It’s More Than Just Hair

It’s my responsibility as a parent to raise my children in a way that they will be independent, respectful, and a productive part of society. 99.9% of the time, this makes me the “bad guy”. I know that everybody has their own parenting style, but if it’s stupid, I’m going to call you on it. I see a society of children today that lack ambition and are just plain lazy. A sad generation to say the least.

All of my children are different and I treat them accordingly. I don’t play favorites–that I hate very much! I will help them if they need it and I will push them when they need it. I help them realize their potential to boost them to the next level. Not everybody is born with obvious “God-given” talents, but everybody can still be great at something if they put in the required work. You’ll never be anything as long as you tell yourself that. And to tell a child to settle for mediocracy is ridiculous in my eyes.

Last night I was going through the list asking my 13-year-old if she had everything ready for her volleyball pictures that will be taken today. It was yes, yes, yes, until I asked about her hair. I wanted to know how she was going to fix her hair. It really didn’t matter to me how she decided to wear it for the pictures–I just wanted to know. She said she wanted to curl it and wear it down. Her pathetic helpless whining soon started in. I won’t tolerate attitude and I also will not allow my children to say “I can’t”. So, the fight’s on. Not so much with my daughter, but with my husband.

She wanted to boo hoo around that she couldn’t do it. Listen, if she really couldn’t do it then I would have gladly done it for her. The fact of the matter is that she’s seen it done and has also attempted it herself on occasion. I did even help her a bit by showing her how to section off her hair and whatnot. The point is that if I never make her do it herself, then she’ll never learn. Practice makes perfect. We’ve all heard that expression.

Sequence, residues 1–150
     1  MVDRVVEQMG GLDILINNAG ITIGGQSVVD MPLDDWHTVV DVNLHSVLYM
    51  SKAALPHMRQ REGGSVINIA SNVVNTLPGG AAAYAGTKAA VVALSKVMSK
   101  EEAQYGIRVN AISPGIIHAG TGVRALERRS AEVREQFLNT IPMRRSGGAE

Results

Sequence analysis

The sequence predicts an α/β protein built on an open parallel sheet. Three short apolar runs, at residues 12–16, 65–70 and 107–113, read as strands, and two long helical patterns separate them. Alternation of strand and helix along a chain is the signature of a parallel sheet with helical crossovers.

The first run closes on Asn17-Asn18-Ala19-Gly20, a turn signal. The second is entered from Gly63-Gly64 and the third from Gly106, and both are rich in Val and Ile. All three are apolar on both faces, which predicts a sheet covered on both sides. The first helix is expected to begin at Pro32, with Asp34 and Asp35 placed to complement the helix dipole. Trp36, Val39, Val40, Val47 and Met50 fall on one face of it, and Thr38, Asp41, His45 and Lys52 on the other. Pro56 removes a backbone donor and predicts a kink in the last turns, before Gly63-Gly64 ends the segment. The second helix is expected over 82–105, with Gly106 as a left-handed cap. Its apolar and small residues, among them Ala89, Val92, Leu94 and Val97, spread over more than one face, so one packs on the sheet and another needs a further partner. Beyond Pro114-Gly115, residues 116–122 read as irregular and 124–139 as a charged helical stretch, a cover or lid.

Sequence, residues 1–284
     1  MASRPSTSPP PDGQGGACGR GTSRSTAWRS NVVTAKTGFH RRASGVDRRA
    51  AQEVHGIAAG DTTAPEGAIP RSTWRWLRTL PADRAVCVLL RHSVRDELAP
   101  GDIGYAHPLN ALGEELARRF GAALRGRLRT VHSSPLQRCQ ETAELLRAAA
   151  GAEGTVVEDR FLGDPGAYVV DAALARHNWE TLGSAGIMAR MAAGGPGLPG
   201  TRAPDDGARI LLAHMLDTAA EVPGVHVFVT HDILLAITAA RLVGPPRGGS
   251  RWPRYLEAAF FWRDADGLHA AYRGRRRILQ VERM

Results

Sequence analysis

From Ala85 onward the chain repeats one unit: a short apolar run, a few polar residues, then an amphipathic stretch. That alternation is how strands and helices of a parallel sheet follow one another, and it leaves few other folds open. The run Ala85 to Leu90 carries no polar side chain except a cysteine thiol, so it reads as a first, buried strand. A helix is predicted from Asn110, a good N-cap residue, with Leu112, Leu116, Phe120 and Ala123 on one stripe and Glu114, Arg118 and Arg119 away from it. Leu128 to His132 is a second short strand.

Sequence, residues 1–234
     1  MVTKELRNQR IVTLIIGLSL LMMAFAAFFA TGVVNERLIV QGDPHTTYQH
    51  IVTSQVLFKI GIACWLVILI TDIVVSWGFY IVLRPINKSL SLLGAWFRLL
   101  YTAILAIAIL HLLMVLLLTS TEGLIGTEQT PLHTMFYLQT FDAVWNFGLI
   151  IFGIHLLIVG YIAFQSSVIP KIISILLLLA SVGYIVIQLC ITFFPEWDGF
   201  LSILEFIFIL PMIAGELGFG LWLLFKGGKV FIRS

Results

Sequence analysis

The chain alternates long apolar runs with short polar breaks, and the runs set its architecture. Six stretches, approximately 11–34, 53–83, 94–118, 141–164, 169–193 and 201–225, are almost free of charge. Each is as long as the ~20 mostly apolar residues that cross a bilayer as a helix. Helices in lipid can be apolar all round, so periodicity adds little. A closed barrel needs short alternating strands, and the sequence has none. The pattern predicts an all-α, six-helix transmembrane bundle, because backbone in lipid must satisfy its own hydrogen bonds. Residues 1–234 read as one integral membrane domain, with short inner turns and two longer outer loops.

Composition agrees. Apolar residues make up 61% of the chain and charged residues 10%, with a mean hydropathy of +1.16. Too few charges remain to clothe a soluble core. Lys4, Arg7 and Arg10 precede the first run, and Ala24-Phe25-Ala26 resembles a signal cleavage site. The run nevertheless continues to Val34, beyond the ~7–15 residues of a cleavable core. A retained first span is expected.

So my husband had to chime in and tell me how horribly mean I was being to her. That really pissed me off! He NEVER says a word when I have to get on to any of the other kids. Just this one. Obvious favoritism if I’ve ever seen it! His answer to her dilemma was for her to just give up and wear it straight. Ding, Ding–it’s on!

You see, it wasn’t just about her hair. That’s petty and trivial. The issue at hand is giving up before really trying. I always have to light a match under her ass to get her moving. I don’t know why she gives up so easy, but I’ll be damned if I’ll allow her to give up on anything that I know she’s fully capable of doing.

The argument quickly escalated to him voicing his idiotic opinions.

Him: I’ll never be able to play like Eric Clapton no matter how hard I try. I’ll never be able to run 4/40 no matter how much I practice. I’ll never be able to throw a 90 mph fast ball. I’ll never be able to sing no matter how many voice lessons I have. Some people are just born with these talents. Blah, blah, blah. (At this point I would have rather been talking to the wall!)

Me: You’re right. You’ll never be able to do anything (because of his outlook/attitude obviously). Also, you don’t strive to be like somebody else because you can NEVER be exactly like somebody else. With hard work, dedication, practice, tenaciousness, etc.–you can be great at what you desire to be.

Where there’s a will, there’s a way. I do believe that one can achieve anything he sets his mind to. I try to build up my kids, not tear them down. If I see a talent or interest in them, I encourage growth in those areas. I do have enough sense not to give false hope, so don’t get me wrong there. It’s even evident in adults that a worker is more productive when he is praised for his accomplishments rather than criticized for what may be lacking.


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